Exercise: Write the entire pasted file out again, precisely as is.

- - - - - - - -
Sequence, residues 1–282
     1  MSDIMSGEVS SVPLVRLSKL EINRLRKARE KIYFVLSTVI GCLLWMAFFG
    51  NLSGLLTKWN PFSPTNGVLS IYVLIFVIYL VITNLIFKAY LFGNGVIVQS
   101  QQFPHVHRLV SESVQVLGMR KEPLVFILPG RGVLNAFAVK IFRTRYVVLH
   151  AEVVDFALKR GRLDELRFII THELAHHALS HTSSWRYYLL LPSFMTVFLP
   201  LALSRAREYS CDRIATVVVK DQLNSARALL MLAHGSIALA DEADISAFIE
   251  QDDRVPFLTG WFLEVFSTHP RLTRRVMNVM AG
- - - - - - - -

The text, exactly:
Sequence, residues 1–282
     1  MSDIMSGEVS SVPLVRLSKL EINRLRKARE KIYFVLSTVI GCLLWMAFFG
    51  NLSGLLTKWN PFSPTNGVLS IYVLIFVIYL VITNLIFKAY LFGNGVIVQS
   101  QQFPHVHRLV SESVQVLGMR KEPLVFILPG RGVLNAFAVK IFRTRYVVLH
   151  AEVVDFALKR GRLDELRFII THELAHHALS HTSSWRYYLL LPSFMTVFLP
   201  LALSRAREYS CDRIATVVVK DQLNSARALL MLAHGSIALA DEADISAFIE
   251  QDDRVPFLTG WFLEVFSTHP RLTRRVMNVM AG